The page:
Even if we don’t catch any fish, it’s still going to be a good day on the water,” Roger said as we formalized plans for a Lake Mead fishing trip and he described the weather forecast. I agreed but at the same time hoped the thought wouldn’t prove prophetic when it came to the results of our fishing efforts.
After our conversation, I took a quick inventory of my bass tackle and decided a trip to the fishing store was in order. Not because I really needed to add anything to my small collection — what I already had was probably sufficient for what we had planned — but because no self-respecting fishermen should pass up the opportunity to augment his tackle stash. So off to the store I went.
Sorting through the various crankbaits, jerkbaits, swimbaits and soft plastics lining the shelves is always a challenge. Everything comes in multiple colors and configurations and you have to choose what to buy and what to leave alone. The key is learning to differentiate between baits that will really catch fish and those that are simply designed to catch fishermen. One of these days, I’ll figure that out and let you know when it happens.
All in all, I didn’t do too badly, but the new rod and reel were probably a little over the top. Guess they saw me coming. Then again, it is Christmas, right?
It was early Monday morning when Roger and I launched his boat at Boulder Harbor and headed toward Vegas Wash. It was chilly, but not so cold that it was uncomfortable. Nothing that a couple of layers and a knit cap wouldn’t help. Add to that the smooth water conditions and the lack of wind, and it was indeed shaping up to be a good day on the water.
As we motored toward the back of Vegas Wash, I couldn’t help but notice how much the lake has changed with the dropping water level. Much of what once was known as Vegas Bay is high and dry, and a sandbar that once took out a propeller on my patrol boat now stands as a sentinel above what is left of 33 Hole.
On an outing the week prior, Roger and his friend Voe caught more than 50 stripers in the Wash and we were hoping to replicate that. There already were a few boats in the back of the Wash when we arrived. Their occupants were busy casting nets for shad to use as live bait, but we opted to throw lures instead.
For an hour or so we cast our lures in the general area where Roger and Voe had done so well, but neither of us had so much as a bump. So we netted a few shad and moved to deeper water where we baited up our hooks and settled in to wait. The result was the same. Nothing. We left the Wash for a time, but eventually came back and once more tried our luck. The results were the same, and then Roger’s fishing rod suddenly bent hard as a fish hammered his shad. But he missed the fish.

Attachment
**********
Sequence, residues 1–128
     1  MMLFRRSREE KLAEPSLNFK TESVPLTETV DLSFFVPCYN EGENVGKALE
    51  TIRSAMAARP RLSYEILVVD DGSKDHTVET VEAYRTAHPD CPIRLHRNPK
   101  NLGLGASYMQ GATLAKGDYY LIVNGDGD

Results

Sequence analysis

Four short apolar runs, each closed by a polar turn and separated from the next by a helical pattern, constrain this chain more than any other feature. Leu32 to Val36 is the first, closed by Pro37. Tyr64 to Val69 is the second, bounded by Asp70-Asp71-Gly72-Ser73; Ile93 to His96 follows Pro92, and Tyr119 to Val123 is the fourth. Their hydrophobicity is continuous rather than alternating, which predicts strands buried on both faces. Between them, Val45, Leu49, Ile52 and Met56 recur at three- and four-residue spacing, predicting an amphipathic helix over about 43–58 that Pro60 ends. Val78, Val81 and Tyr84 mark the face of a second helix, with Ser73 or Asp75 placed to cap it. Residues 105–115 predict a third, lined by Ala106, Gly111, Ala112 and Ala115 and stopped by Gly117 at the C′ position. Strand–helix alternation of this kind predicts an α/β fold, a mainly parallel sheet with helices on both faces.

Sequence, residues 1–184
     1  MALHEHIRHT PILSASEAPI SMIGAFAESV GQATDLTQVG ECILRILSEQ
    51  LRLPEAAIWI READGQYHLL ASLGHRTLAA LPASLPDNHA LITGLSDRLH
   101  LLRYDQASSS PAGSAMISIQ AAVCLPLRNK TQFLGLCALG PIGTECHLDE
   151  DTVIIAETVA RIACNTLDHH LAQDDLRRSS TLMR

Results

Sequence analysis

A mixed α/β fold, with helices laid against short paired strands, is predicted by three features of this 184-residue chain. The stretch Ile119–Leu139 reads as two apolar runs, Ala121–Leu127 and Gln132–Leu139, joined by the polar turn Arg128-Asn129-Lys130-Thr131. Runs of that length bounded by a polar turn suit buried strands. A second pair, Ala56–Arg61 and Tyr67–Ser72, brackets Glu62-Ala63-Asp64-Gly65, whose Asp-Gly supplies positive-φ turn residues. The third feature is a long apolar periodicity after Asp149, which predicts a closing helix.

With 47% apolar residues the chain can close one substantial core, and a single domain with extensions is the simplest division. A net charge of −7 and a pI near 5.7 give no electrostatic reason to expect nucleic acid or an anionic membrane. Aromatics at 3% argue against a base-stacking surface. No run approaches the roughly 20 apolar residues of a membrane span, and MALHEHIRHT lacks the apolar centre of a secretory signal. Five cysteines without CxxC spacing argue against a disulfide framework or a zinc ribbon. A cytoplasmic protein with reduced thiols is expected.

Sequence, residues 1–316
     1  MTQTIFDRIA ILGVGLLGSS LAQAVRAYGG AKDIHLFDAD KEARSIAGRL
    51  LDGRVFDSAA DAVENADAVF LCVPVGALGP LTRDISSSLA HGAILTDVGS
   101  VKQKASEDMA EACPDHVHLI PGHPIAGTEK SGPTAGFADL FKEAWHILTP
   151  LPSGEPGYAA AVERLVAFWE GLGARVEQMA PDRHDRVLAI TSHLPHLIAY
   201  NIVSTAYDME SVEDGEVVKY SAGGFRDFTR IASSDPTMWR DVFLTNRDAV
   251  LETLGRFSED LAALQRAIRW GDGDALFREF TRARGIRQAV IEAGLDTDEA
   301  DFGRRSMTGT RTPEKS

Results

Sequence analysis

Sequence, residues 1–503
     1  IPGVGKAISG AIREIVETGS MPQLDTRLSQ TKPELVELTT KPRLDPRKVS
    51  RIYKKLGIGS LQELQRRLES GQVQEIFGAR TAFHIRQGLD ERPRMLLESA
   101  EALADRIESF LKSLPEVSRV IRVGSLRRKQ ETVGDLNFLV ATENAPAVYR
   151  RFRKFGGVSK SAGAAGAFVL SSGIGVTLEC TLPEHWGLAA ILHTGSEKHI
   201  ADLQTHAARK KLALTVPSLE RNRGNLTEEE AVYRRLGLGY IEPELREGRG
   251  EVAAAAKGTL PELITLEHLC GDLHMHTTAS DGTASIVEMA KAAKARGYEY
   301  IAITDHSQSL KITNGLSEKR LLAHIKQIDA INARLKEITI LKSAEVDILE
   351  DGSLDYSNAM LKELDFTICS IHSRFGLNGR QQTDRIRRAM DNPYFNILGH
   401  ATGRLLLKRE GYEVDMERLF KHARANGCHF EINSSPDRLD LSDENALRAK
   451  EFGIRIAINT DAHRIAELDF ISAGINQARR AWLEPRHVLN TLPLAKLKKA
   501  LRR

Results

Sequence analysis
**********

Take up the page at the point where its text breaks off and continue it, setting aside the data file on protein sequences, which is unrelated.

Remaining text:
By mid-morning we decided the striped bass weren’t going to cooperate and pointed the boat toward the narrows where we hoped to catch some smallmouth or largemouth bass. The boat ride was nice, and the scenery pleasant to look at, but the fishing didn’t improve any. Though I did manage to catch a handful of rock fish before we headed back toward the Wash.
Just past what once was Black Island we saw a large gathering of water birds and decided to give live bait one more try. Roger also opted to try his hand at jigging. Within minutes he finally caught the first fish of the day, a plump striper that convinced me to tie on a Kastmaster and see what I could come up with. By the time my lure hit the water, Roger had caught another fish or two.
I let the Kastmaster drop until it reached the bottom nearly 100 feet below, then turned the reel handle a half dozen times and began jigging. Once, twice, three times and boom. My line went taught and I set the hook. Another plump striper caught and released. On my next cast, things played out the same way, but only until my hastily tied knot gave way. Then I lost both the fish and my lure.
In the end Roger caught and released four stripers and a catfish, and I only had the one. Not many fish by Lake Mead standards, but fish nonetheless. Roger was right. It did turn out to be a good day.
Freelance writer Doug Nielsen is a conservation educator for the Nevada Department of Wildlife. His “In the Outdoors” column, published Thursday in the Las Vegas Review-Journal, is not affiliated with or endorsed by the NDOW. Any opinions he states in his column are his own. He can be reached at email@example.com.